Cannes Win for 'Blue is the Warmest Color' Hailed as 'A Symbol' in French Gay Marriage Debate
Steven Spielberg and the Cannes jury deny playing politics, but the Palme d'Or win for Abdellatif Kechiche's lesbian love story comes amid protests against gay marriage.
Sometimes a film is just a film. But when the film wins the Palme d'Or, the top honor in the world's number one film festival, it's inevitable that more will be read into it.
That seems to be the case with Abdellatif Kechiche's Blue is the Warmest Color, a lesbian love story that won the Cannes top honor Sunday night, just as in Paris anti gay-marriage protestors clashed with French police.
France's La Liberation newspaper called the win for Blue “a symbol” noting that the film, which stars actresses Adele Exarchopoulos and Lea Seydoux (who shared the Palme d'Or with their director) in a very explicit love affair, appears “in touch” with the French zeitgeist.
“After long weeks punctuated by outbursts of homophobic gay marriage debates, Blue is the Warmest Color looks directly at its two young heroines not as an anomaly or a curiosity but as a passion taking seed in eternal love,” the paper said.
Eternal love wasn't much in evidence in Paris Sunday night after mostly peaceful demonstrations by hundreds of thousands against France's newly enacted same-sex marriage law turned ugly, when a few hundred protesters turned on police and TV crews, attacking them with bottles, stones, fireworks and flares. Nearly 300 people were arrested over two days of demonstrations, which began in Paris on Saturday.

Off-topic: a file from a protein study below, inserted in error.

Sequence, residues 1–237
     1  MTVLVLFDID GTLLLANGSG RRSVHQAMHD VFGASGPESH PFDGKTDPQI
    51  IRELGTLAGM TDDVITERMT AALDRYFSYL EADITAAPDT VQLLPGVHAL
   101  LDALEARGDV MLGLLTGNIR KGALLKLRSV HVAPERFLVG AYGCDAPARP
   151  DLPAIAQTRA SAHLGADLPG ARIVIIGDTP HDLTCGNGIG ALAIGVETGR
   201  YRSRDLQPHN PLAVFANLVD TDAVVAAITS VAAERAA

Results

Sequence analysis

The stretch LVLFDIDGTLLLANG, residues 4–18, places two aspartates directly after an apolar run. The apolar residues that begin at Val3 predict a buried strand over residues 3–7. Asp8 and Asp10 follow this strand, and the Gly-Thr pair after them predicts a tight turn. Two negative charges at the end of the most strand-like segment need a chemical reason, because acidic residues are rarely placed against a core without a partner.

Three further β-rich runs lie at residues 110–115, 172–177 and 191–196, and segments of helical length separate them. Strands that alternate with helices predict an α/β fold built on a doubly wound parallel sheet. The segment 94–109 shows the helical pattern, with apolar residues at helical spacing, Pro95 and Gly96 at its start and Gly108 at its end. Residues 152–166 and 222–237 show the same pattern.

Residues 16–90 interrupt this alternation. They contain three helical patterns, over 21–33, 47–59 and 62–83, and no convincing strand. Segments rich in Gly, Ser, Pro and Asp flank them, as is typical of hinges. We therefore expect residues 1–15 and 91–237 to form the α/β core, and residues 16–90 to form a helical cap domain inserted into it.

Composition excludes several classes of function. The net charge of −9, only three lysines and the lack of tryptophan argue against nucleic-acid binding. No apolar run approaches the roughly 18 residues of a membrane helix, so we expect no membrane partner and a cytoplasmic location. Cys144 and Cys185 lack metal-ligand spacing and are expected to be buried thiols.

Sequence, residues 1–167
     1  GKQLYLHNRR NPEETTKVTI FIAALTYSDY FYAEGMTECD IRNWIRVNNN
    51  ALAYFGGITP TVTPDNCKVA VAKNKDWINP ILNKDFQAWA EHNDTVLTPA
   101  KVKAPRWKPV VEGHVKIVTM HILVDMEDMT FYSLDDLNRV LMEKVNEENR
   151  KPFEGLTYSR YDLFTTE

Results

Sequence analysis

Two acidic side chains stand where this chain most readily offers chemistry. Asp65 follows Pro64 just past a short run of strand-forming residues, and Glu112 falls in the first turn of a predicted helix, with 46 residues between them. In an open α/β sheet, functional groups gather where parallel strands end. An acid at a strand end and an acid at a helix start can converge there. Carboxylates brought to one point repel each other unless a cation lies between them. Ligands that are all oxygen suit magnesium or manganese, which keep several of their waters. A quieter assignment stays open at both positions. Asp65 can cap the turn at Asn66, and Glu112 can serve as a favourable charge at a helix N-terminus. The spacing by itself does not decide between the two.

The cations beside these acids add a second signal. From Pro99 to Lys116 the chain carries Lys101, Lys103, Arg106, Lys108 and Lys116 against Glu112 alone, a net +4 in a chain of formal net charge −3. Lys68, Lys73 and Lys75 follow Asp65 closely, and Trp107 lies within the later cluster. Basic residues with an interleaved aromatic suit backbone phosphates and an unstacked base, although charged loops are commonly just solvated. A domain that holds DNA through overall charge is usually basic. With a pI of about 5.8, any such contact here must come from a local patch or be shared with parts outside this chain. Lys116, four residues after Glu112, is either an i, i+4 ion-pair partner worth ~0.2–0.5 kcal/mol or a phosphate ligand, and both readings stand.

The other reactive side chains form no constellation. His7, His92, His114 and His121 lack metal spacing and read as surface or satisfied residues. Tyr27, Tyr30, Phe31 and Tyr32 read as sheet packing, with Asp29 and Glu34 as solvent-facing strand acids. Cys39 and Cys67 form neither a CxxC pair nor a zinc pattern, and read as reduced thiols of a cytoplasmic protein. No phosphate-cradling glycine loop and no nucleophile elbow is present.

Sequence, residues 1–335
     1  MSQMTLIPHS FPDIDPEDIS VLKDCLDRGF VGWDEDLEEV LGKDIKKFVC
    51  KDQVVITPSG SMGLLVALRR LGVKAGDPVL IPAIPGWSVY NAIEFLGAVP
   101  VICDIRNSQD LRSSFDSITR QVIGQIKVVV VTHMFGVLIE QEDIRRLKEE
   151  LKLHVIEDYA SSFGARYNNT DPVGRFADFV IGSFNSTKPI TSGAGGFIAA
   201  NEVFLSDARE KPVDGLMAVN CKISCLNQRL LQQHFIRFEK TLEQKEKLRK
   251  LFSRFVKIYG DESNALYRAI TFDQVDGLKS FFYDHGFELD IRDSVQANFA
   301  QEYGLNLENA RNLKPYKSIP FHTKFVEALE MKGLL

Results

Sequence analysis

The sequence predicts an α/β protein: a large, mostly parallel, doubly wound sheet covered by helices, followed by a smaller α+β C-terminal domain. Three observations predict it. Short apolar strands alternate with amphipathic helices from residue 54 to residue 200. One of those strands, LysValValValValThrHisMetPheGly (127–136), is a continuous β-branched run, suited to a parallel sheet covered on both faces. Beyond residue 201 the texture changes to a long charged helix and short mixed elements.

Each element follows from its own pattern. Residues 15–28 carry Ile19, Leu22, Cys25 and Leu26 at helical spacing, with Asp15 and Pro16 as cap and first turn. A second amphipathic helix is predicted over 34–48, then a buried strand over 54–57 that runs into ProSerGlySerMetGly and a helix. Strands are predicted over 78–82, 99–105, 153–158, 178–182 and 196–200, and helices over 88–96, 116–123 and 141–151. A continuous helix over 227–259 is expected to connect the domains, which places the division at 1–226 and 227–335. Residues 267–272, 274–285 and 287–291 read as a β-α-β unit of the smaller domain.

The rally was seen as a last-ditch show of force by opponents to the gay-marriage bill, which passed into law May 18. Many believe the demonstrations have also been co-opted by right-wing groups as a general protest against the Socialist government of French President Francois Hollande.
Coming in the midst of all this, awarding the Palme d'Or to a film that explores in intimate detail the love between two women was certain to generate a political echo. Speaking at the press conference after the awards ceremony, however, Cannes jury president Steven Spielberg insisted politics played no role in the decision.
“Politics was not in the room with us,” Spielberg said. “We just all felt (this) was a profound love story. We didn't think about how it was going to play, we just were really happy that someone had the courage to tell this story the way he did...The issue of gay marriage is one that many brave states in America are resolving in a way that suits all of us that are in favor of gay marriage. But I think actually this film carries a very strong message, a very positive message.”
Another Cannes jury member, Scottish director Lynne Ramsay, added that the story of Blue is the Warmest Color “went beyond gender...it went beyond politics. People saw beyond that it was a lesbian love affair. It was a love affair that everyone can identify with. And that is what makes it very special that everyone recognized their own relationships, whether they were straight or gay.”
Concluded her fellow juror, two-time Oscar winner Christoph Waltz: "It's all been said. Just drop it. It's a love story."
The French people, despite the weekend's protests, might be inclined to agree with him. A survey published on Sunday showed 53 percent of French people support gay marriage and adoption. And France's first official gay wedding is due to take place this Wednesday in Montpellier.
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